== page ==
Things are a little crazy around the Great Lodge of the Illuminerdy, as we’re getting ready for a big international move. As a result, this week’s Unreal Worlds is going to be a little brief, and perhaps even sketchier than the usual post in the series.
We’ve previously mentioned the possibilities of setting up an espionage-themed game centered around the trials and tribulations of the early United States, and there are few chapters in that story more interesting than the treason trial of former U.S. Vice President Aaron Burr. Even more than 200 years later, the details of the plot aren’t completely known, but the outline is well-established. In a series of covert moves between 1804 and 1807, Burr attempted to raise a personal army that he planned to use to conquer the bulk of U.S. territory west of the Appalachian Mountains including the newly acquired Louisiana Purchase, and then rule it along with a cabal of wealthy landowners. His fellow conspirators included no less than the commanding General of the United States Army, a U.S. Navy Commodore, the British Ambassdor to the United States, and possibly future U.S. President Andrew Jackson.
Despite his high-level backers and easy access to funds, our treasonous Burr was thwarted by the general disinterest of the local populace in separating from the young nation. According to a contemporary report to the U.S. Congress on the conspiracy:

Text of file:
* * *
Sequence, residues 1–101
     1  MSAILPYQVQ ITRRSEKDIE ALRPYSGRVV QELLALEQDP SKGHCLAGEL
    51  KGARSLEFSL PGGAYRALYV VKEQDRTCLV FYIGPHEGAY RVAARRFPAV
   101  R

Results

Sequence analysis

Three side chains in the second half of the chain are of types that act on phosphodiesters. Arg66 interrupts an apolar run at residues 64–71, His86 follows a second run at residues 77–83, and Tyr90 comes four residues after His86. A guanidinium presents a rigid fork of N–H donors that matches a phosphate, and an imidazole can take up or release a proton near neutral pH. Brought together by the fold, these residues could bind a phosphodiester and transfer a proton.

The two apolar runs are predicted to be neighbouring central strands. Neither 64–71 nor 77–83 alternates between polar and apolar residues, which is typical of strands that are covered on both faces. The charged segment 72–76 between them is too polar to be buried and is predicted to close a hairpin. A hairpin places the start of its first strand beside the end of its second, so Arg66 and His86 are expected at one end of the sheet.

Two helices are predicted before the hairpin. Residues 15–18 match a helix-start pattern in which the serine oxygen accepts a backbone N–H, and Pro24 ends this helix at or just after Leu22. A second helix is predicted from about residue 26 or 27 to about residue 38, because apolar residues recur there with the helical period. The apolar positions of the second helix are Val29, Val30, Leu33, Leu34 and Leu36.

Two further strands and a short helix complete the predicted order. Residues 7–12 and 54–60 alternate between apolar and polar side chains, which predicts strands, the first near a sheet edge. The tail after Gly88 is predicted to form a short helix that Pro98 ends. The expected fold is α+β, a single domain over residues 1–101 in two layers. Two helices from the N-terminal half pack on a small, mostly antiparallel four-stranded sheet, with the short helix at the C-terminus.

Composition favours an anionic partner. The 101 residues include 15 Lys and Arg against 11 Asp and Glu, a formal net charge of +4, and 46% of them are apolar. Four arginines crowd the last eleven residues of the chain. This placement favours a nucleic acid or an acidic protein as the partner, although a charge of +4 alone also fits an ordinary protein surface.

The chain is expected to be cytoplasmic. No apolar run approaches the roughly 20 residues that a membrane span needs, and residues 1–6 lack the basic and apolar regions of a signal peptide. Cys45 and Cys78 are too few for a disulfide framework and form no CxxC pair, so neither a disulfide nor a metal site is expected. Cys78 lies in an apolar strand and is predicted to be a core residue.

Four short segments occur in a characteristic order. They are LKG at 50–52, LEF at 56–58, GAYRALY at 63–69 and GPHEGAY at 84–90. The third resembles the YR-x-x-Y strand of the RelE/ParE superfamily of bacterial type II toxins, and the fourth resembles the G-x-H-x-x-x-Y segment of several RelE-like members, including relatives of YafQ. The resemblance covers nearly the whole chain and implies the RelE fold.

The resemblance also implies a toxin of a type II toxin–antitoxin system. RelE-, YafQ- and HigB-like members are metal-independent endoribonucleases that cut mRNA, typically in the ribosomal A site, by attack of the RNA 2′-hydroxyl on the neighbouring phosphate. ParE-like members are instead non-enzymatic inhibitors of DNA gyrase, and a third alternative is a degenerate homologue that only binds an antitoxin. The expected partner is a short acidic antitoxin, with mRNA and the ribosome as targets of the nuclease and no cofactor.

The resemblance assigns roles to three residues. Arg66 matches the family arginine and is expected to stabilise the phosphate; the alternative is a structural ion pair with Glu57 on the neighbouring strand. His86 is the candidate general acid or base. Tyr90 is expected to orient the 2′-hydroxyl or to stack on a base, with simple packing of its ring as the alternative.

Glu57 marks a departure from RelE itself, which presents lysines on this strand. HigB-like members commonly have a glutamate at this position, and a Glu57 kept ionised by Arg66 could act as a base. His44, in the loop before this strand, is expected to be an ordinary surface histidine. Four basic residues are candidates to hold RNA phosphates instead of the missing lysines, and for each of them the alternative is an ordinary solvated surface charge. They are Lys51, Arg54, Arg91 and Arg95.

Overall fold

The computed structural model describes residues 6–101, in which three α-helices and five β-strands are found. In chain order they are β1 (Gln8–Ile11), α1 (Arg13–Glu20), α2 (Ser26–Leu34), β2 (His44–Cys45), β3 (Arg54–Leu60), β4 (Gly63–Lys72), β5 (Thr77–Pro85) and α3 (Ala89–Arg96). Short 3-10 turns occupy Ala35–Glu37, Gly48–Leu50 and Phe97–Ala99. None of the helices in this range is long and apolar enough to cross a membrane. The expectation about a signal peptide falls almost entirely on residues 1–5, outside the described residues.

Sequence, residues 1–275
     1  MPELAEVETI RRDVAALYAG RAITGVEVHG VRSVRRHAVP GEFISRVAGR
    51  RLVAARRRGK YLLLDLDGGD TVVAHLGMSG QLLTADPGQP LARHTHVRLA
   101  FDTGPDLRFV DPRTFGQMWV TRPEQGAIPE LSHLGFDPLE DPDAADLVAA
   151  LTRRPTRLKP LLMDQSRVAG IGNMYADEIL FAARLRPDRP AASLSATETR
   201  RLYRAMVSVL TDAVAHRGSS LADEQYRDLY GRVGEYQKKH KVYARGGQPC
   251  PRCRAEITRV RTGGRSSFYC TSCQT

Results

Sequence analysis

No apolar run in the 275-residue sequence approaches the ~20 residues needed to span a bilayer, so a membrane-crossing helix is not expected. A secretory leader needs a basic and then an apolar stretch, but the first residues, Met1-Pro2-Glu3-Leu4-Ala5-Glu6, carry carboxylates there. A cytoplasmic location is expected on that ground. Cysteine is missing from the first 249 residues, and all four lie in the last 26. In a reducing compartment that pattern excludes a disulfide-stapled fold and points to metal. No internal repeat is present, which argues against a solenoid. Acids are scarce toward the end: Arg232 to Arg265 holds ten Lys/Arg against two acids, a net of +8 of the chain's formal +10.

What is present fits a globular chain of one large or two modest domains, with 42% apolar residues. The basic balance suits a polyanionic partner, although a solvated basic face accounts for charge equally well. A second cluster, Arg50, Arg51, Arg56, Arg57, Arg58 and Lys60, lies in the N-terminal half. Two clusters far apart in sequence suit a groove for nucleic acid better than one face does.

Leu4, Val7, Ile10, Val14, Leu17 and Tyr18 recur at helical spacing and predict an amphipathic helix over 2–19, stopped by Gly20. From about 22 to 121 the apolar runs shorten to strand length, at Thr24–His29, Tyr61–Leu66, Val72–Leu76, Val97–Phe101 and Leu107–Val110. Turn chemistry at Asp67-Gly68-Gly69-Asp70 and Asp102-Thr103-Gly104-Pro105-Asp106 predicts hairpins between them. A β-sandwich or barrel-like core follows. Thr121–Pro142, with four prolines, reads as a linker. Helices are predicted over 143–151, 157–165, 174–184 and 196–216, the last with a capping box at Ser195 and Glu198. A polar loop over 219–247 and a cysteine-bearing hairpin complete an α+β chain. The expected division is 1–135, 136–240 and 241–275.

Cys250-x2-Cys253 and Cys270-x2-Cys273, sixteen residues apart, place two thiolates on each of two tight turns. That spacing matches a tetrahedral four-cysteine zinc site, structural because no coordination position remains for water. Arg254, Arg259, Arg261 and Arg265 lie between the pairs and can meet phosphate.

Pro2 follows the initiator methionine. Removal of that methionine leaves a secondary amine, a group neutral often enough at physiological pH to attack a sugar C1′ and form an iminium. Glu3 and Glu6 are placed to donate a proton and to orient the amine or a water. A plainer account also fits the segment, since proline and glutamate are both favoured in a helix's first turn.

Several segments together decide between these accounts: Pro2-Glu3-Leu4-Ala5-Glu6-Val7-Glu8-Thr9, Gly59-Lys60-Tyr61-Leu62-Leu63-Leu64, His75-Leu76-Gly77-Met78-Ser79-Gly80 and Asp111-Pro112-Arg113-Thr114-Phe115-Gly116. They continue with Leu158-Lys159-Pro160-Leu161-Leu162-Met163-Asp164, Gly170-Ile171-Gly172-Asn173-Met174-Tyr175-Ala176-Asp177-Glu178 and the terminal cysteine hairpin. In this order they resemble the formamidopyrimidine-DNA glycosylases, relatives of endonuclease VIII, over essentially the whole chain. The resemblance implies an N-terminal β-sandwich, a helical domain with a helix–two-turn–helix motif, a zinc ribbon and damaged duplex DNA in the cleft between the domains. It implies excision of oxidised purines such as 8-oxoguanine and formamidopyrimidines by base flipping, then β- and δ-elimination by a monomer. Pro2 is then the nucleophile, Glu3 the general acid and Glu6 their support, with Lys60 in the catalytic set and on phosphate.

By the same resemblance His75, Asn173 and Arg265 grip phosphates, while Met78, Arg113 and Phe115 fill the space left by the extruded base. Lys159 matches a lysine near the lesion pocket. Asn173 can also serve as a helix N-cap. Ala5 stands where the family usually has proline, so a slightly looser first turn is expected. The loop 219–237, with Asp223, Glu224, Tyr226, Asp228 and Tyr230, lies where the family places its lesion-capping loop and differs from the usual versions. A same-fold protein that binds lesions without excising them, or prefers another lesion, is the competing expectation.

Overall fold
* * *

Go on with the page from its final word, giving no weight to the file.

He found at once that the attachment of the western country to the present Union was not to be shaken; that its dissolution could not be effected with the consent of its inhabitants, and that his resources were inadequate, as yet, to effect it by force. He took his course then at once, determined to seize on New Orleans, plunder the bank there, possess himself of the military and naval stores, and proceed on his expedition to Mexico; and to this object all his means and preparations were now directed. He collected from all the quarters where himself or his agents possessed influence, all the ardent, restless, desperate, and disaffected persons who were ready for any enterprise analogous to their characters. He seduced good and well-meaning citizens, some by assurances that he possessed the confidence of the government and was acting under its secret patronage, a pretence which obtained some credit from the state of our differences with Spain; and others by offers of land in Bastrop’s claim on the Washita.
…and that’s just part of the plot. But it’s enough, perhaps, to serve as a basis for a Night’s Black Agents game, especially if Burr is a vampire. Or at least working for them. At least that’s my plan. More to come!